The appointment, of Commissioners, gives general satisfaction to the republicans—Their enemies, a gogg’d by selecting Otis & Dawes—It is of the last importance that one general, firm, and spirited effort, be made to inform the public mind, & to remove the false impressions, which have been made—Falshood & violence is still the system, of the leaders of the opposition, they will lose their followers, the moment they can be made to understand the principles & the measures of the past & the present Administration. They now oppose, to avoid, the consequences, naturally resulting from the old order of things, & to secure the very objects which will be, the effects of the new measures. They are republicans, in their sentiments, & habits—They reason right on their principles; were these corrected, they would act right—The misfortune is, they have had impressed on them errors of fact—Detect these, and all will be well—There is a probability of persuading Bangs, to run agt. Hastings, he will be more likely to succeed, than any other man in the district—He is in trouble on account, of some groundless reports he has been spreading—I beleive he will not be able to extricate himself—
I have the honor to be most respectfully your obt Sert
RC (DLC); addressed: “To Thomas Jefferson—President of U.S. City of Washington”; endorsed by TJ as received 5 Aug. and so recorded in SJL.
CONVOCATION OF THE CLERGY: Republicans speculated that Timothy Dwight, the president of Yale College, was responsible for the gathering in Hartford, Connecticut, during May. Since before the presidential election of 1800, Dwight and his close ally from Massachusetts, Jedidiah MORSE, had been among the most vocal of TJ’s critics, depicting him as an extreme threat to religious orthodoxy and to social and political order. Morse and Dwight had founded the Palladium to disseminate their views, and in one of his “Farmer” essays, Lincoln struck out against that publication and the New England clergymen who were behind it. Several Connecticut politicians were thought to have been in consultation with the ministers during the May meeting, the conference in Hartford taking place at the same time as elections in the state. Reporting the rumored outcome of the convocation, the American Mercury, using a favorite Republican epithet for Dwight, called him “the Pope of Connecticut” and said that he had “issued a Bull, prohibiting the preaching of politics until further orders, except on special emergencies. The reason which his Holiness assigned for this order,” the newspaper continued, “was that many of his Clergy had more political zeal than discretion, and preached and prayed so extravagantly, that they injured the cause which they designed to support” (New York American Citizen and General Advertiser, 20 May; Hartford American Mercury, 15 July; Massachusetts Spy, or Worcester Gazette, 28 July; Joseph W. Phillips, Jedidiah Morse and New England Congregationalism [New Brunswick, N.J., 1983], 91–101; Richard J. Moss, The Life of Jedidiah Morse: A Station of Peculiar Exposure [Knoxville, 1995], 55–6, 81–3; John R. Fitzmier, New England’s Moral Legislator: Timothy Dwight, 1752–1817 [Bloomington, Ind., 1998], 61–2, 132, 149; Charles E. Cuningham, Timothy Dwight, 1752–1817: A Biography [New York, 1942], 342; Vol. 34:516, 517n; Vol. 35:146–7, 306n).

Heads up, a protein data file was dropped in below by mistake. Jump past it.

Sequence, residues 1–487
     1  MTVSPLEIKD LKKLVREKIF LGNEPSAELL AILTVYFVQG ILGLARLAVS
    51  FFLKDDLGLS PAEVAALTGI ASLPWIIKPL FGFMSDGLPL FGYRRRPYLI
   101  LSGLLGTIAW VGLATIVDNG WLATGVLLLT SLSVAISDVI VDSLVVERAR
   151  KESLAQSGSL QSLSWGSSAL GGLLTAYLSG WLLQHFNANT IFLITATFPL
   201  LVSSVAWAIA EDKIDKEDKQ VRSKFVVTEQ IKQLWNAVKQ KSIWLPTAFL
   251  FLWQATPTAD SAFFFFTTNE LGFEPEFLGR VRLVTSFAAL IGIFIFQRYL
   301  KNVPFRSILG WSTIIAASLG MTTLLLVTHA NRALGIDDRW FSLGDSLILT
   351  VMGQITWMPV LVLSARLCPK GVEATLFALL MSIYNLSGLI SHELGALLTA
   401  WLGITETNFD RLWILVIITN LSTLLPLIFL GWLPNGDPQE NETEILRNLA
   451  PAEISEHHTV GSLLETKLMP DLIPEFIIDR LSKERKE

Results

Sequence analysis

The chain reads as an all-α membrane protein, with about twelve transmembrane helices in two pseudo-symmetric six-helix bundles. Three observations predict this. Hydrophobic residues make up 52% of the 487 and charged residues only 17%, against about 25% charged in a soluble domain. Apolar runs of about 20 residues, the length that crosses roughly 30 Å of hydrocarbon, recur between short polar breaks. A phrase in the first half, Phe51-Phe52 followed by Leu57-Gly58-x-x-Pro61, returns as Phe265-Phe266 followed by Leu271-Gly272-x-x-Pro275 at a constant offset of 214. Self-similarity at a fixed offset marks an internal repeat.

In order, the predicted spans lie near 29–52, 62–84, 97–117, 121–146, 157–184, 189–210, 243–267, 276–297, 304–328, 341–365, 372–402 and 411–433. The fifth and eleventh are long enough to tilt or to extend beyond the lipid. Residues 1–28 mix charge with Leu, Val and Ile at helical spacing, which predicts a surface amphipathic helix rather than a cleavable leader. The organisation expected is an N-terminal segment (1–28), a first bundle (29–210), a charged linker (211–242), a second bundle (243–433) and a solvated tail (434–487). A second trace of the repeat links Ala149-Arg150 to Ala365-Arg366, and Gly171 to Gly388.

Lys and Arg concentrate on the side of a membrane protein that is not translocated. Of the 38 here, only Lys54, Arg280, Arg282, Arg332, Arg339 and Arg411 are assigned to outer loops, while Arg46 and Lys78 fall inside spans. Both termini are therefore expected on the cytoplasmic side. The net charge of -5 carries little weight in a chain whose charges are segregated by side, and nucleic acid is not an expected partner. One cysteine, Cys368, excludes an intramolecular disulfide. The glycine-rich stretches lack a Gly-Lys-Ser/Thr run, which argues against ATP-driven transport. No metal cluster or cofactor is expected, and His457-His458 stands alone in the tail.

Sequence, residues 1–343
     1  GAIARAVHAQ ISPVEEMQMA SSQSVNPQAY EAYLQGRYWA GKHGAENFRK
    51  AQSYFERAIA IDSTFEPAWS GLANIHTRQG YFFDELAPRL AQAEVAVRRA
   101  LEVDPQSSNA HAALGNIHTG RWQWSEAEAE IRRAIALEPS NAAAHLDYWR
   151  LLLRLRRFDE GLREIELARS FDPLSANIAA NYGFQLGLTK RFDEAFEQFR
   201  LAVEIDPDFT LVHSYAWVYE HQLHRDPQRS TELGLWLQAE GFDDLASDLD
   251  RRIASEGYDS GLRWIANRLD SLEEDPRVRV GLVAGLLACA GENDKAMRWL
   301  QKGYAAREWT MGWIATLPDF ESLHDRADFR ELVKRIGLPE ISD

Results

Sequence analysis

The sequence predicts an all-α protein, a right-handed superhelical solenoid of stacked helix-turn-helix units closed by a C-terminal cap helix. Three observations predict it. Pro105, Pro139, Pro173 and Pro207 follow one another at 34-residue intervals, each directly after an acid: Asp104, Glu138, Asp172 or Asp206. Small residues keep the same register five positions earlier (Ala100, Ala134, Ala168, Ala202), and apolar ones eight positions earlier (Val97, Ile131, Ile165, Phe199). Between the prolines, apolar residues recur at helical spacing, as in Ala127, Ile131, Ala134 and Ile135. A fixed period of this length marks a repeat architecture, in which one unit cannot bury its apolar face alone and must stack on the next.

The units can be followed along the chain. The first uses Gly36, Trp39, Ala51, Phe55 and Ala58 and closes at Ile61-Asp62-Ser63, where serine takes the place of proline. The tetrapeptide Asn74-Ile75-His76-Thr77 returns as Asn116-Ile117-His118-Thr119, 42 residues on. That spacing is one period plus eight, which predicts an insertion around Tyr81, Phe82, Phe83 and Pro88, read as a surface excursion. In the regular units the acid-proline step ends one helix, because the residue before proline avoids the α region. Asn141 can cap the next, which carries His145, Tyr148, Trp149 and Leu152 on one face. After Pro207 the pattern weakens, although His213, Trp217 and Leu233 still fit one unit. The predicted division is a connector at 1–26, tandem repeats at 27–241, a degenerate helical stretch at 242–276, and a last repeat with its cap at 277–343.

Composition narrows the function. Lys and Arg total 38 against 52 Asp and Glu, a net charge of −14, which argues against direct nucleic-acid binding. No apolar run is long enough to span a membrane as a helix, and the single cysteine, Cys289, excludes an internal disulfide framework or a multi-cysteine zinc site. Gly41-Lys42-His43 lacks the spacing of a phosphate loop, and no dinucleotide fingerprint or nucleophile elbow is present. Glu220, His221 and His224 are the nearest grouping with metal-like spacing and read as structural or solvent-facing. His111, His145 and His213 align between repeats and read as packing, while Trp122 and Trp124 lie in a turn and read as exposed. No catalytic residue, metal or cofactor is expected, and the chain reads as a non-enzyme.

Using the pseudonym OLD SOUTH, Benjamin Austin, Jr., of Boston wrote a long series of essays in the Independent Chronicle advocating the Republican cause and attacking John Adams and the Essex Junto (ANB description begins John A. Garraty and Mark C. Carnes, eds., American National Biography, New York and Oxford, 1999, 24 vols. description ends ; Benjamin Austin, Jr., Constitutional Republicanism, in Opposition to Fallacious Federalism; as Published Occasionally in the Independent Chronicle, Under the Signature of Old-South [Boston, 1803]; TJ to Austin, 28 June 1803).
In the election in the fall of 1802, Edward BANGS, one of Lincoln’s political associates in western Massachusetts, challenged Seth HASTINGS, who held Lincoln’s old seat in the U.S. House of Representatives. Hastings defeated Bangs by a wide margin to retain the seat for the Eighth Congress (Boston Columbian Centinel, 6 Nov. 1802; Biog. Dir. Cong. description begins Biographical Directory of the United States Congress, 1774–1989, Washington, D.C., 1989 description ends ; Paul Goodman, The Democratic-Republicans of Massachusetts: Politics in a Young Republic [Cambridge, Mass., 1964], 225n; Vol. 35:306n).